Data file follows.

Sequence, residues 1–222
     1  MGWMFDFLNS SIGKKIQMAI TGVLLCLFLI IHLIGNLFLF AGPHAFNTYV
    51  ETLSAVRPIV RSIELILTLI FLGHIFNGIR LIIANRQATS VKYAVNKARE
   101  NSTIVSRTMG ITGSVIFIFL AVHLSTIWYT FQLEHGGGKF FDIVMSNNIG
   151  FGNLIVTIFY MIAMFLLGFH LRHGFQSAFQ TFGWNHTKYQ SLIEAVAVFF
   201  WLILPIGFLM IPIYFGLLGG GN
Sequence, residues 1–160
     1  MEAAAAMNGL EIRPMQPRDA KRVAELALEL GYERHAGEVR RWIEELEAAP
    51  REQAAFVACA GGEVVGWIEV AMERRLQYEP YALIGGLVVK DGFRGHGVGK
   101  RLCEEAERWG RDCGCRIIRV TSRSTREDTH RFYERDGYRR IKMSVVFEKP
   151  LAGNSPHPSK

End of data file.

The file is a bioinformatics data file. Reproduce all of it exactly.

Sequence, residues 1–222
     1  MGWMFDFLNS SIGKKIQMAI TGVLLCLFLI IHLIGNLFLF AGPHAFNTYV
    51  ETLSAVRPIV RSIELILTLI FLGHIFNGIR LIIANRQATS VKYAVNKARE
   101  NSTIVSRTMG ITGSVIFIFL AVHLSTIWYT FQLEHGGGKF FDIVMSNNIG
   151  FGNLIVTIFY MIAMFLLGFH LRHGFQSAFQ TFGWNHTKYQ SLIEAVAVFF
   201  WLILPIGFLM IPIYFGLLGG GN
Sequence, residues 1–160
     1  MEAAAAMNGL EIRPMQPRDA KRVAELALEL GYERHAGEVR RWIEELEAAP
    51  REQAAFVACA GGEVVGWIEV AMERRLQYEP YALIGGLVVK DGFRGHGVGK
   101  RLCEEAERWG RDCGCRIIRV TSRSTREDTH RFYERDGYRR IKMSVVFEKP
   151  LAGNSPHPSK